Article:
Metal phosphides are among the three main varieties of rat poisons available, along with anticoagulants and hypercalcemia poisons. Metal phosphides typically work with just a single does and work relatively fast, killing the rodent within just one to three days.

How Metal Phosphides Work

Most of the time, using metal phosphide rat poisons involves placing a bait that includes the phosphide in question along with food. You simply place it wherever the rat will find it and wait for the rat to consume it. 

Acid in the rodent’s digestive system will react with the metal phosphide, producing phosphine gas, which is toxic. This toxic gas prevents the cells in the body from producing energy, leading to cell death. It is also very harmful for the liver, kidney, brain, and heart. 

Not only is this gas toxic, but rats do not have any method of getting rid of extra gas in their systems. As such, they will eventually die from that gas, especially if it builds. 

Some History on Phosphides

Before anticoagulant rat poisons rose in popularity, metal phosphides were frequently the rat poison of choice. They were very popular in the United States during and following WWII since the previously used poison, strychnine, was no longer readily available. This was a direct result of the Japanese occupying areas that the strychnine tree typically grows.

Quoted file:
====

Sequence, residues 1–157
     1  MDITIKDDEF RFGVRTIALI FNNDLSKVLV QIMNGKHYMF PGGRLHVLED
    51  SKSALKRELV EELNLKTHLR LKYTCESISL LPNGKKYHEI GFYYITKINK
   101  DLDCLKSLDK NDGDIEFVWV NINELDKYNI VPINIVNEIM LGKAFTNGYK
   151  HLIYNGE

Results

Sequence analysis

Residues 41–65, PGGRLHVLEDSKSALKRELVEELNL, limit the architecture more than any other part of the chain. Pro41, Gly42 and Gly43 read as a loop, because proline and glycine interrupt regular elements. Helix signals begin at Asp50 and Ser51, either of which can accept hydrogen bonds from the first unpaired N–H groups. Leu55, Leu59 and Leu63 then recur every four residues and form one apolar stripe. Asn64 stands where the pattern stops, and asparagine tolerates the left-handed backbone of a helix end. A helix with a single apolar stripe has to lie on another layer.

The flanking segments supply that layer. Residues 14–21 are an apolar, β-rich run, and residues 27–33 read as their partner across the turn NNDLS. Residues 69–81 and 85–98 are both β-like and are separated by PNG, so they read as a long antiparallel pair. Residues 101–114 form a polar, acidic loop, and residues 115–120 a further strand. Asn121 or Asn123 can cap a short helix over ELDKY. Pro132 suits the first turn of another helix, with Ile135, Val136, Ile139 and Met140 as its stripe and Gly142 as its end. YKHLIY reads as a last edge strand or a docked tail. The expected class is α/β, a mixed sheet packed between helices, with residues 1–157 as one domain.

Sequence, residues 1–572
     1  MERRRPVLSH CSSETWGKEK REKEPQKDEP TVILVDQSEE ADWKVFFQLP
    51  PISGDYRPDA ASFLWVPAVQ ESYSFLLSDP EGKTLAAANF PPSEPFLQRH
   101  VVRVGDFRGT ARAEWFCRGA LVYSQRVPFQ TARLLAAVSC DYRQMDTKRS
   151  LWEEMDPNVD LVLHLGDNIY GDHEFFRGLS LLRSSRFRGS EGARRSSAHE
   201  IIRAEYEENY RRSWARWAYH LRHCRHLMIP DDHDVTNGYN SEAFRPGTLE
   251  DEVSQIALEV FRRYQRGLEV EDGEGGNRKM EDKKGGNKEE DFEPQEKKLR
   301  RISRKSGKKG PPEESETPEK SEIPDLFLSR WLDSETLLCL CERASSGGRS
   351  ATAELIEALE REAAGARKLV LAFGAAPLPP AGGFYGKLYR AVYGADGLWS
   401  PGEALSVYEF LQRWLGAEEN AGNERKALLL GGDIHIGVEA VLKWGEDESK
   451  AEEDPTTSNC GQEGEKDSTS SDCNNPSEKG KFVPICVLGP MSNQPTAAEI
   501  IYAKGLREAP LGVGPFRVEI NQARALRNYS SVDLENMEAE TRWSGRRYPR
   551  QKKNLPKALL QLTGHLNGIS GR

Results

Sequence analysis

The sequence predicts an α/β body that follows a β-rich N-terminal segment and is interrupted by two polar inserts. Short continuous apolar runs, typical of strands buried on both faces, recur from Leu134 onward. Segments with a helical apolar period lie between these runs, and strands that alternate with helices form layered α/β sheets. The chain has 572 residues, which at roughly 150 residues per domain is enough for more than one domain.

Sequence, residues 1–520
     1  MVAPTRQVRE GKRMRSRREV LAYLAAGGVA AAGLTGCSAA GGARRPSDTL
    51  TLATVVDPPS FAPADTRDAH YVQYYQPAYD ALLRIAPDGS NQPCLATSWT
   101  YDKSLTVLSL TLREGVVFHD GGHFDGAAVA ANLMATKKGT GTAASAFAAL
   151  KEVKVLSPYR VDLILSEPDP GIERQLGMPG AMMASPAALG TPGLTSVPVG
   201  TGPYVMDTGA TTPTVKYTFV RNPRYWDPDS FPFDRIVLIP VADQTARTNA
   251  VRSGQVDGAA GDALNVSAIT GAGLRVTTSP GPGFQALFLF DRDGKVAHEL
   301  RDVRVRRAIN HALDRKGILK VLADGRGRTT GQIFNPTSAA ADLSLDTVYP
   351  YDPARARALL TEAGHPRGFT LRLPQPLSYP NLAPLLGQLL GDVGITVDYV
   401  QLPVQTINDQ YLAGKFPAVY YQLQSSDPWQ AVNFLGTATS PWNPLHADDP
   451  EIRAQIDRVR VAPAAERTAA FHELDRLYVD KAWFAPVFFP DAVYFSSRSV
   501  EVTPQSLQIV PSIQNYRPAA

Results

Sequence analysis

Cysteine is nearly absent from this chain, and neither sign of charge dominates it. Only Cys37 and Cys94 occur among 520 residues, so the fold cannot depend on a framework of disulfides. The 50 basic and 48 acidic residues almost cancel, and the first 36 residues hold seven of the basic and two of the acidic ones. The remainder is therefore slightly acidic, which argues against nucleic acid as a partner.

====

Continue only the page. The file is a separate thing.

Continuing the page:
Understanding Concentrations and Formats

Zinc phosphide is the metal phosphide poison that is most commonly found in baits. It tends to be used in a concentration of 0.75 to 2.0 percent.

garlic bulbs and pieces

Baits that contain zinc phosphide will smell strong and pungent, with an odor reminiscent of garlic. This smell comes from the hydrolysis that liberates the phosphine. That smell is discouraging to most mammals but not rats, minimizing the risk of primary poisoning of unintended animals. Keep in mind, however, that birds, including wild turkeys, will not be discouraged and will readily consume the bait and die as well. 

You can also find magnesium, calcium, or aluminum phosphide in the form of pellets or tablets that are designed to be used with fumigation. Those arrangements may also additional chemicals that will include or lead to ammonia. That presence can actually reduce the risk related to the phosphine gas exploding or combusting spontaneously. 

blue rat poison in a pile on the grass

Zinc phosphide is the most popular metal phosphide to be used in rat poison baits. You can find magnesium, aluminum, and calcium phosphides in fumigants as well. 

Poisoning Risks to Other People and Pets

As mentioned, birds are not typically deterred by metal phosphides, so it is likely that if birds have access to the poison, they will also die from primary poisoning. 

At the very least, secondary poisoning has a low risk, including for pets. This is because the metal phosphides will not accumulate in poisoned animals’ tissue. 

It Frequently Contains an Emetic